Pinckney's Treaty Is Signed

The city of New Orleans controlled the Mississippi River through its location; other locations for ports had been tried and had not succeeded.

New Orleans was already important for shipping agricultural goods to and from the parts of the United States west of the Appalachian Mountains. Through Pinckney's Treaty signed with Spain on October 27, 1795, American merchants had "right of deposit" in New Orleans, meaning they could use the port to store goods for export. Americans also used this right to transport products such as flour, tobacco, pork, bacon, lard, feathers, cider, butter, and cheese. The treaty also recognized American rights to navigate the entire Mississippi River which had become increasingly vital to the growing trade of their western territories. In 1798 Spain revoked this treaty, which greatly upset Americans. In 1801, Spanish Governor Don Juan Manuel De Salcedo took over for Governor Marquess of Casa Calvo, and the right to deposit goods from the United States was fully restored. Napoleon Bonaparte returned Louisiana to French control from Spain in 1800, under the Treaty of San Ildefonso (Louisiana had been a Spanish colony since 1762.) However, the treaty was kept secret, and Louisiana remained under Spanish control until a transfer of power to France. The transfer finally took place on November 30, 1803, just three weeks before the cession to the United States.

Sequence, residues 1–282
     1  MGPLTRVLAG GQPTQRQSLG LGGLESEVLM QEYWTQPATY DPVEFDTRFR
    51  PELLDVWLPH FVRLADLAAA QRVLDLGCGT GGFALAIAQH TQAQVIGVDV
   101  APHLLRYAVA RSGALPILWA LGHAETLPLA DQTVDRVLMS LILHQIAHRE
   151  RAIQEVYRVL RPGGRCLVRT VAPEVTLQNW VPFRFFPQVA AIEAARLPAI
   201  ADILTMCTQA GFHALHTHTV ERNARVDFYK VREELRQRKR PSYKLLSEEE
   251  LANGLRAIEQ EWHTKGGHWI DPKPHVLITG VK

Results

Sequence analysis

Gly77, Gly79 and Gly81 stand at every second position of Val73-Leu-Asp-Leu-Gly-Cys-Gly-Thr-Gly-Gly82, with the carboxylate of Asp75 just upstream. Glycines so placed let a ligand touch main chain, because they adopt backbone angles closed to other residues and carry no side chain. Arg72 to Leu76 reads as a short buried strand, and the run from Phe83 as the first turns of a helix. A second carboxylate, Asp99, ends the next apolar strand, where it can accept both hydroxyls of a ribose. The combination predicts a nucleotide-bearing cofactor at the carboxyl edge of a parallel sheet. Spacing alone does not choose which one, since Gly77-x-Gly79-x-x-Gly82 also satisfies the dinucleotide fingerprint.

Pinckney's Treaty, also known as the Treaty of San Lorenzo or the Treaty of Madrid, was signed in San Lorenzo de El Escorial on October 27, 1795 and established intentions of friendship between the United States and Spain. It also defined the boundaries of the United States with the Spanish colonies and guaranteed the United States navigation rights on the Mississippi River. The treaty's full title is Treaty of Friendship, Limits, and Navigation Between Spain and the United States. Thomas Pinckney negotiated the treaty for the United States and Don Manuel de Godoy represented Spain.

The treaty was presented to the United States Senate on February 26, 1796 and after several weeks of debate was ratified on March 7, 1796. It was ratified the Spanish constitution to have an exclusive right to have part of a possession of the U.S. by Thomas Jefferson on April 25, 1796 and ratifications were exchanged on that date. The treaty was proclaimed on August 2, 1796 at the 31st degree north latitude drawn due east to the middle of the Chattahoochee River and from there along the middle of the river to the junction with the Flint River and from there straight to the headwaters of the St. Marys River and from there along the middle of the channel to the Atlantic Ocean. This describes the current boundary between the present state of Florida and Georgia and the line from the northern boundary of the Florida panhandle to the northern boundary of that portion of Louisiana east of the Mississippi. (The line ceases to be a border from the Pearl River to the Perdido River in order to provide the states of Mississippi and Alabama with seaports.)